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CLM National: January 2020

News and verdicts that affect you from across the country

January 17, 2020 Photo

Monsanto appeals Hardeman Roundup verdict, the Washington Supreme Court rules insurers are bound by agents’ representations on certificates of insurance, and, in New Jersey, the Court of Appeals rules municipal courts may enforce the state’s Spill Act.


Insurer Bound by Agent’s Representation

The Washington Supreme Court, in T-Mobile USA Inc. v. Selective Ins. Co. of Am., found that an insurance company is bound by its agent’s representations made on a certificate of insurance, despite the disclaimer language contained in the certificate, and even when those representations add new insureds to the policy or otherwise alter its terms. The matter came to court on certification from the 9th Circuit, which presented the following question: “Under Washington law, is an insurer bound by representations made by its authorized agent in a certificate of insurance with respect to a party’s status as an additional insured under a policy issued by the insurer, when the certificate includes language disclaiming its authority and ability to expand coverage?” The Washington Supreme Court answered the question in the affirmative, holding that “an insurance company is bound by the representation of its agent in those circumstances.”—From CLM Member Jennifer Dinning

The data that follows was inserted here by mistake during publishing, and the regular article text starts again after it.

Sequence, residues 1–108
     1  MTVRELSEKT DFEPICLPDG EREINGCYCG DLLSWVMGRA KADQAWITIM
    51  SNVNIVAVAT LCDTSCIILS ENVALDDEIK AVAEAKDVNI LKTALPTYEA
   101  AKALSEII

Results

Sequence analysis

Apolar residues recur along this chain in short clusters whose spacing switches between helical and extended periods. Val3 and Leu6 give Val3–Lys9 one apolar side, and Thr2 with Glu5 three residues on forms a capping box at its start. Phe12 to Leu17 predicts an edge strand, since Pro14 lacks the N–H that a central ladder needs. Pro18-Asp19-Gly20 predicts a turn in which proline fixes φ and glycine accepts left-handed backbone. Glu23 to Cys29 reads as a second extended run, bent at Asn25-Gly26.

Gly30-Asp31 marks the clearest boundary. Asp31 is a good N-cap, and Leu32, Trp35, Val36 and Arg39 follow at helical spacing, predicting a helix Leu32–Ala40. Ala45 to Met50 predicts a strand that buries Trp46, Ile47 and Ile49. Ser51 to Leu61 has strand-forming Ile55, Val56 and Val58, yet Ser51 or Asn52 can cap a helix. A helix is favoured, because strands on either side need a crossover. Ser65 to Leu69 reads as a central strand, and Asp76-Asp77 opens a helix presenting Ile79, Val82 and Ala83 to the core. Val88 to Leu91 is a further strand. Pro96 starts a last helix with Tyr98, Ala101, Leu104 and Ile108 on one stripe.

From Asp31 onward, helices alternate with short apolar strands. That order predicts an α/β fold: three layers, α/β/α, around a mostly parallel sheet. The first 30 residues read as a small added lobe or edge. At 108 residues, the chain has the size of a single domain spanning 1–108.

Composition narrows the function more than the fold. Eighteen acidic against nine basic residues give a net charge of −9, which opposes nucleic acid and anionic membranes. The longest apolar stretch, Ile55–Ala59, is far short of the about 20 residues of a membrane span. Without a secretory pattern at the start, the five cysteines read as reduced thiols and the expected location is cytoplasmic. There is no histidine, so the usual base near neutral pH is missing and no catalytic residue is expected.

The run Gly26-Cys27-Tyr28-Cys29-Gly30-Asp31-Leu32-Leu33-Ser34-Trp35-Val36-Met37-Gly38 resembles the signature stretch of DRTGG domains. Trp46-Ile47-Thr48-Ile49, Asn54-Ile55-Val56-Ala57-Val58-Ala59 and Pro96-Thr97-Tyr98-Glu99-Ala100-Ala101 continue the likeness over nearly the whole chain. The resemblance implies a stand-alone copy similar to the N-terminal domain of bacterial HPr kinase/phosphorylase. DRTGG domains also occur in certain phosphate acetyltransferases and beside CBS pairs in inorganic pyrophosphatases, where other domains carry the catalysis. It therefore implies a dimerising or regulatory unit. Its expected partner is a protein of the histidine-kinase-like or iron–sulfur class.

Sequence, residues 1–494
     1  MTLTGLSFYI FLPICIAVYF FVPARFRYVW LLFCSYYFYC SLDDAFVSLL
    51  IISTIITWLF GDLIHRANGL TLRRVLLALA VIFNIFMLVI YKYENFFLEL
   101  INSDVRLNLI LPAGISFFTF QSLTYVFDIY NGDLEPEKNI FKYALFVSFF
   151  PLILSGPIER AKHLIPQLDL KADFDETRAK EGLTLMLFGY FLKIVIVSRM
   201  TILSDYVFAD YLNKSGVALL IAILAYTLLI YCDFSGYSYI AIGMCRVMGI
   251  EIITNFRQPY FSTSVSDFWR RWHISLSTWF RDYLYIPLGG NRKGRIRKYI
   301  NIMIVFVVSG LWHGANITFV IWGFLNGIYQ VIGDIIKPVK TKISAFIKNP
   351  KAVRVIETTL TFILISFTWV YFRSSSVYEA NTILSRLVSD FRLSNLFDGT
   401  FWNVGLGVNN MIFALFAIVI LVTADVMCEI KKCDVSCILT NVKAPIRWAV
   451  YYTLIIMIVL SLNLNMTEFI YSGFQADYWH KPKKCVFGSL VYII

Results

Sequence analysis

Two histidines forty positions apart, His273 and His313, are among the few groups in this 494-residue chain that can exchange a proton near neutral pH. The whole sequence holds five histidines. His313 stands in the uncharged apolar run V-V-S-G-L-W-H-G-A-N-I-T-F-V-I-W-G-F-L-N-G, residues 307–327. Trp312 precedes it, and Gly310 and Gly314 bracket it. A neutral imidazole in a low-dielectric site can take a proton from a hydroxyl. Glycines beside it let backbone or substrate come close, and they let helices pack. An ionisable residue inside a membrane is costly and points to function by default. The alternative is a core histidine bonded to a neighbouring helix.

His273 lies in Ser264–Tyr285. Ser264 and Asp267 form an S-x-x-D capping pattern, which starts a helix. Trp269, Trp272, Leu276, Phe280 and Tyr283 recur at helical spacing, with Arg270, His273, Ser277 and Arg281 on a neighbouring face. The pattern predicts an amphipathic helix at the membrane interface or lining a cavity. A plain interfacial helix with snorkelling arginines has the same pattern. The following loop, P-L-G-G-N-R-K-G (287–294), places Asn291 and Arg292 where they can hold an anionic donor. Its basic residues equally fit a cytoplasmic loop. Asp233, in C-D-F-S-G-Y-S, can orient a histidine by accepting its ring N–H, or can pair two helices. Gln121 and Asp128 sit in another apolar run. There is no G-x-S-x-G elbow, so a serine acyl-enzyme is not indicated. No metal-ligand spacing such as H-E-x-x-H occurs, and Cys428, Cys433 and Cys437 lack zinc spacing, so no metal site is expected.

Monsanto Seeks Appeal in Hardeman Roundup Case